[FOUNTAIN]Price restriction not answer

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[FOUNTAIN]Price restriction not answer

Price is the value of a commodity and service that is noted in a certain currency. All commodities and services must have a price given to it in order for it to be traded. Whether it is the seller or the buyer, people make up their mind according to the price. Price is what Adam Smith called the “Invisible Hand” and is the key element of a market economy. If there is no given market price, absurd and extraordinary events occur. In the past Soviet government, there was no such thing as price. Although there was something called the price, it was merely a number the government had put up. Since there was no market, the compensation for the suppliers was given by the guideline of the government, not by the market price. In the early periods, the glass factories were given compensation according to the width of the glass produced. The glasses produced were all too thin and broke easily. Then the government changed its compensation guidelines for weight. The factories then produced heavy glasses that were too thick for people to even look through. This incident proves that width or weight cannot substitute for the function of market price.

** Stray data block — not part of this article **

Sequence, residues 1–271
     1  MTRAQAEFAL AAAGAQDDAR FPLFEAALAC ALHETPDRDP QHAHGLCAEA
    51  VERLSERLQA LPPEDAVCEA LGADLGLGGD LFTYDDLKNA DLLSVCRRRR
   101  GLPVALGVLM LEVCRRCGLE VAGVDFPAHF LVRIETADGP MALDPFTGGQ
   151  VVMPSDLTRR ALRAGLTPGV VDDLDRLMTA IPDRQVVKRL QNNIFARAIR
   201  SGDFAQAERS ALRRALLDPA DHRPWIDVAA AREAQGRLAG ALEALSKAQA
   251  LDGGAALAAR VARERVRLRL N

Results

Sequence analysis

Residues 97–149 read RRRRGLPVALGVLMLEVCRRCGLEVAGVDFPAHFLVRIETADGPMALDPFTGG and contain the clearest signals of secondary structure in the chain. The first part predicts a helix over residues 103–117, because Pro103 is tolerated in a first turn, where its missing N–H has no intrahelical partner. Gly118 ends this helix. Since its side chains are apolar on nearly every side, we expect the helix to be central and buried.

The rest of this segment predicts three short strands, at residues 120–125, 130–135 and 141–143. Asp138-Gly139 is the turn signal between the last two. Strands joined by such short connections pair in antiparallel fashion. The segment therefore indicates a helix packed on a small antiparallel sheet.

Professor Thomas Sowell of Stanford University said, “Prices are like a thermometer reading.” When the price of a product rises, it means there is more demand for the product. In a market economy, people will either increase the supply or decrease the demand. If the price keeps falling, it means there are too many of the same products. Then of course the demand will rise and supply will increase. It is like how people determine demand for air-conditioning or heat by reading the thermometer. The price is the signal that moves the economy.
Recently as cabbage prices fell, farmers have plowed over their cabbage harvest. The farmers may feel bad when plowing over their year’s harvest, but on the production side, it is a rational action of trying to maximize one’s income by reducing the supply reacting to the price thermometer.
What happens if someone tries to reduce a price by force like the apartment prices? People will reduce the supply and increase the demand by reacting to the false thermometer.
As a result, people will face a lack of supply, buyers of new apartments will create heat, the price will go up again. This is why restricting apartment prices will worsen the situation rather than solve the problem of rising real estate prices.
Keeping Sowell in mind, restricting prices is like reducing the temperature on a hot day by putting ice on the thermometer. It doesn’t make the heat go away.

*The writer is an editorial writer
of the JoongAng Ilbo.


by Kim Jong-soo
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